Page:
Each of the " open population" housing units at CDF is monitored by a sergeant, who sits in a glass-walled control module called a " bubble" and who supervises floor officers and inmates. Id. ¶ 10. Inmates who qualify for open population are released from the cells but must remain in the cell block. From the bubble, the sergeant controls one gate (" bubble gate" ) that connects the cell block to a narrow hallway called the " sally port," [2] and a front gate that connects the sally port to the main hallway of the jail. Id. ¶ 11; see also Def. Unity Health Care, Inc.'s Mot. Summ. J. (Unity MSJ), Ex. 22 [Dkt. 67-6], Supp. Decl. Vali Zabiheian (Zabiheian Supp. Decl.), Ex. A (Sally Port Photograph). The front gate from the main hallway is at one end of the sally port, and the bubble gate into the cell block is at the other end. Sally Port Photograph. Having a bubble gate and the front gate open at the same time is not permitted because inmates could run out into the hallway of the jail, which would be a security breach. Unity SUF ¶¶ 13, 51; see also Unity MSJ, Ex. 5 [Dkt. 67-6], Dep. of Robert Lee Jefferson, Jr. (Jefferson Dep.) at 94 (" [T]hat's a security matter, because if I have both of them [open], that means the inmate can run out into the hallway of the jail." ). Inmates are not supposed to be in the sally port without a correctional officer present. Unity SUF ¶ 49; Jefferson Dep. at 72, 76 (" They're not supposed to be in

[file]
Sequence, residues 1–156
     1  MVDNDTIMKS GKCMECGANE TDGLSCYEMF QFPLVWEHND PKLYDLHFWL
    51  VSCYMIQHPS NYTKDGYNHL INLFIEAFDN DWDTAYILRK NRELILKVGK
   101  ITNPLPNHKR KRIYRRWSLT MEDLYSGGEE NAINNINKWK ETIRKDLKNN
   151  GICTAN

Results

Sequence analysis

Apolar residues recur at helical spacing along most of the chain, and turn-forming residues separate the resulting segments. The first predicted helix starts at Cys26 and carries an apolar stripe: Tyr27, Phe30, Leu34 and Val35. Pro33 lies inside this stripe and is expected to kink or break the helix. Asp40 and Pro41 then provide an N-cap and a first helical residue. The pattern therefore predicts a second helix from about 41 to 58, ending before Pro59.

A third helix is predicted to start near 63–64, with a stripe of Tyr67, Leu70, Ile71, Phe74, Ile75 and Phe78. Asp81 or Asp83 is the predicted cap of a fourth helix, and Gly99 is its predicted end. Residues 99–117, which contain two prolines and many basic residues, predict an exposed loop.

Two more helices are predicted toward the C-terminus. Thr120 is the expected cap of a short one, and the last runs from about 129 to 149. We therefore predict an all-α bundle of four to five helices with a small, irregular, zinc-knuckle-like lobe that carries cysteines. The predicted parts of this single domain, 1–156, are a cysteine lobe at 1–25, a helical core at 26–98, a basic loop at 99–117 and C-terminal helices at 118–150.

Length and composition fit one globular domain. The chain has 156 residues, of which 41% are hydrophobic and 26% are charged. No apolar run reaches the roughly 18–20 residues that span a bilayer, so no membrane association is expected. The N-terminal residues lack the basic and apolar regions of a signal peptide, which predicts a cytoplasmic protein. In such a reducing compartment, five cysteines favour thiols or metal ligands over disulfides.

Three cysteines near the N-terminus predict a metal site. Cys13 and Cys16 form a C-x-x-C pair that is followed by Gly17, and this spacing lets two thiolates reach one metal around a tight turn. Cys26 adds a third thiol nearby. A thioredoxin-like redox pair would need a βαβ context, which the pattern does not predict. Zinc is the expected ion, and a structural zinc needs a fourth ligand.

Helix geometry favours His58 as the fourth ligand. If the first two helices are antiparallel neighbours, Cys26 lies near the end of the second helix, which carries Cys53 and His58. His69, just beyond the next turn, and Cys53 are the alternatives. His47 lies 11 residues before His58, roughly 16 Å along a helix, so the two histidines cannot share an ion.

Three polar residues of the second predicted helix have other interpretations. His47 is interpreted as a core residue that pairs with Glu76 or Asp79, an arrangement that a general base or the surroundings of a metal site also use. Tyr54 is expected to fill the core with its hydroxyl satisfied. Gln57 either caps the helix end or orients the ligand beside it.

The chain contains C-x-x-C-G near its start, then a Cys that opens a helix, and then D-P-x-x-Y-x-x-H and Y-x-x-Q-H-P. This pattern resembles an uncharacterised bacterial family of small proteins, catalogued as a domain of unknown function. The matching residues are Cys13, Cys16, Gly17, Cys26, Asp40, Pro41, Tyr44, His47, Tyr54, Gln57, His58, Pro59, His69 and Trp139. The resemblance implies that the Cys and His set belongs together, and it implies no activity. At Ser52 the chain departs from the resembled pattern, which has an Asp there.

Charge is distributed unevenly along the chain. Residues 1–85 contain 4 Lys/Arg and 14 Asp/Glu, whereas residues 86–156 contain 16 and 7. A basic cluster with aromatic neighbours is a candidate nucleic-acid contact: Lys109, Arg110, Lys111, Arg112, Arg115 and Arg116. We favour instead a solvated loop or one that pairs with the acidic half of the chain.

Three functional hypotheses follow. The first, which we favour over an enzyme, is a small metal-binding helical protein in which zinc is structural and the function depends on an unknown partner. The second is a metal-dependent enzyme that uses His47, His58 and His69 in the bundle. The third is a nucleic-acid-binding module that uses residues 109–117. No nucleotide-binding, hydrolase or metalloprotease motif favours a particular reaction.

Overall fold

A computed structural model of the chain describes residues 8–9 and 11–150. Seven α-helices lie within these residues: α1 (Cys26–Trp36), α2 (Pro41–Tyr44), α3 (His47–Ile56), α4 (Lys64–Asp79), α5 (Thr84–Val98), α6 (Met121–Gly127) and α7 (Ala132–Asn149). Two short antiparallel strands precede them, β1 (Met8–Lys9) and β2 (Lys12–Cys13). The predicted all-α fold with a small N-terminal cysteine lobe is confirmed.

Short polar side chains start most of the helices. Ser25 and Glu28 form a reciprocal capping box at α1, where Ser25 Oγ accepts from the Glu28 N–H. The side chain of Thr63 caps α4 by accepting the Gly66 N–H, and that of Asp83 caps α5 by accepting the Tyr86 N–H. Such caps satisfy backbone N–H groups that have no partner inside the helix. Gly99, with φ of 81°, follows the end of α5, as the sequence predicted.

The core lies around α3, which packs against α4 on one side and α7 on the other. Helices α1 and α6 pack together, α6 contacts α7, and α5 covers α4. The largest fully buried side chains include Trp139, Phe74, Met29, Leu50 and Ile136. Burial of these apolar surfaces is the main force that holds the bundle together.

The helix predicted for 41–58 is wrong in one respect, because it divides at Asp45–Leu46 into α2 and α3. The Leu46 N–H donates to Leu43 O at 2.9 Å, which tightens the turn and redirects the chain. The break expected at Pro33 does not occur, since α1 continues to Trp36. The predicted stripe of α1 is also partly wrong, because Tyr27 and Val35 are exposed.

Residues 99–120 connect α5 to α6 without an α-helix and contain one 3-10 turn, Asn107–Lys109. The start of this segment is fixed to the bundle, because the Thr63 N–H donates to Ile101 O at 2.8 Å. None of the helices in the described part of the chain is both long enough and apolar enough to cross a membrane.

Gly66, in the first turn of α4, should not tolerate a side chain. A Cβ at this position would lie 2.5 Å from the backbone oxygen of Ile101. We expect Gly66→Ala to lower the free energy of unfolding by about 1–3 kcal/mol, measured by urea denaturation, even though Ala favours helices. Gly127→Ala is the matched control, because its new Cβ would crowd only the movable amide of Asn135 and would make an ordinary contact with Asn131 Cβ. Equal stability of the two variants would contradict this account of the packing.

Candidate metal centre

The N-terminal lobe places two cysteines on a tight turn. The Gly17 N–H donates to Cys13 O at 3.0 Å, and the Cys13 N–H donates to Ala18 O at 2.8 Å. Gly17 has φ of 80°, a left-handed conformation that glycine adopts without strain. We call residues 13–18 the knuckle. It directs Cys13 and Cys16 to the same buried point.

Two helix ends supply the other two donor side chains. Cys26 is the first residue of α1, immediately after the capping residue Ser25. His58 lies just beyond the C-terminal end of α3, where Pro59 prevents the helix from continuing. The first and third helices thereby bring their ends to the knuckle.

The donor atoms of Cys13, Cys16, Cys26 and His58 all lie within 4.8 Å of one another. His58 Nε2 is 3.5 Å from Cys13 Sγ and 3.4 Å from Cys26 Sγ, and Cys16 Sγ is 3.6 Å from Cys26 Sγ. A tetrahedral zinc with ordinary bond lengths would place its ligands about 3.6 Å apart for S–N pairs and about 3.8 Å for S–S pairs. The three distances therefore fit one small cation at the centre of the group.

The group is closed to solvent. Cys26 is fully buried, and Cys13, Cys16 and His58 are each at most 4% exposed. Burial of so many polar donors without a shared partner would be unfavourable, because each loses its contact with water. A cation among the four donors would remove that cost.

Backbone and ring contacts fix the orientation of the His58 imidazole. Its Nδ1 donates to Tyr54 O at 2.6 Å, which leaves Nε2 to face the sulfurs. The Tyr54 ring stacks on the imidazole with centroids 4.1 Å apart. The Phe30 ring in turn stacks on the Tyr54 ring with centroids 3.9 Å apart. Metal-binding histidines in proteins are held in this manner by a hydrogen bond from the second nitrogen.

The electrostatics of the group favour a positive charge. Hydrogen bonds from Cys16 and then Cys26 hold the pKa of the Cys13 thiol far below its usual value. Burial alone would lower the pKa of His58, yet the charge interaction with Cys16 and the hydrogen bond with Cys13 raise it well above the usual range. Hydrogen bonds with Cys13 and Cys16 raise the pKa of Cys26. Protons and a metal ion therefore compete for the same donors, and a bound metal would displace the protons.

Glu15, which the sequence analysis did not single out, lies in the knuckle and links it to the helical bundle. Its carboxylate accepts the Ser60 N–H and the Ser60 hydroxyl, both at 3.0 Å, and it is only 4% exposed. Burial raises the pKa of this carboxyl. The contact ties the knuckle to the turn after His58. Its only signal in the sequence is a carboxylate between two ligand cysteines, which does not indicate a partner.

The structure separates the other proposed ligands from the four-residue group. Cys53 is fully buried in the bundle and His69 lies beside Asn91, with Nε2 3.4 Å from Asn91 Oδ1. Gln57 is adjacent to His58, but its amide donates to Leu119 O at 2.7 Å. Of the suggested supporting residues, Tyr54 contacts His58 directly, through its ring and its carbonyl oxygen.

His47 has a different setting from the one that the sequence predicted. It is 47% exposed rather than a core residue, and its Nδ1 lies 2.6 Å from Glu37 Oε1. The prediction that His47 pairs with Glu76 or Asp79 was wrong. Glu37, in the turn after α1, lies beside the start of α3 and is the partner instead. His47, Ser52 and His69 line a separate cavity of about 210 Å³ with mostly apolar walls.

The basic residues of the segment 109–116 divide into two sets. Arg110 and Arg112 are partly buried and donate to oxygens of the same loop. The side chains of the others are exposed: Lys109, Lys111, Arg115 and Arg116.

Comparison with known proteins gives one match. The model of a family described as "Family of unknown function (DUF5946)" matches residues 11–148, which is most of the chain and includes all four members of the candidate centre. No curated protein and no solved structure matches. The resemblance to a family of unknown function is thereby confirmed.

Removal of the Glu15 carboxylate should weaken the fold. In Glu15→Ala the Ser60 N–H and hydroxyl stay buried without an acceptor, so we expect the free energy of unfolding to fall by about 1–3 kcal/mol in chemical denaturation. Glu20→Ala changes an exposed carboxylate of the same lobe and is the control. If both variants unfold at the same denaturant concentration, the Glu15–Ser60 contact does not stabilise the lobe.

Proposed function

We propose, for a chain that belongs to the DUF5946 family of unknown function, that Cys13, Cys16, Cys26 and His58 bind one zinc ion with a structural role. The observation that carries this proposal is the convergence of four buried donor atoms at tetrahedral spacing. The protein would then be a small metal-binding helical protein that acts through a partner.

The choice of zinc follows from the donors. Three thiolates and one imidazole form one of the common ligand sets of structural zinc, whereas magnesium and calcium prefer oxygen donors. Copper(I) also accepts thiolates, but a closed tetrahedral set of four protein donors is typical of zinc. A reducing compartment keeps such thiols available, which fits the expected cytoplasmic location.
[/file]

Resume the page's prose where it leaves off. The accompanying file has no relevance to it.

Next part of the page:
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there unsupervised, no. If there's inmates in the sally port, there should be an officer with them.... [W]e make [the inmates] get out the sally port." ).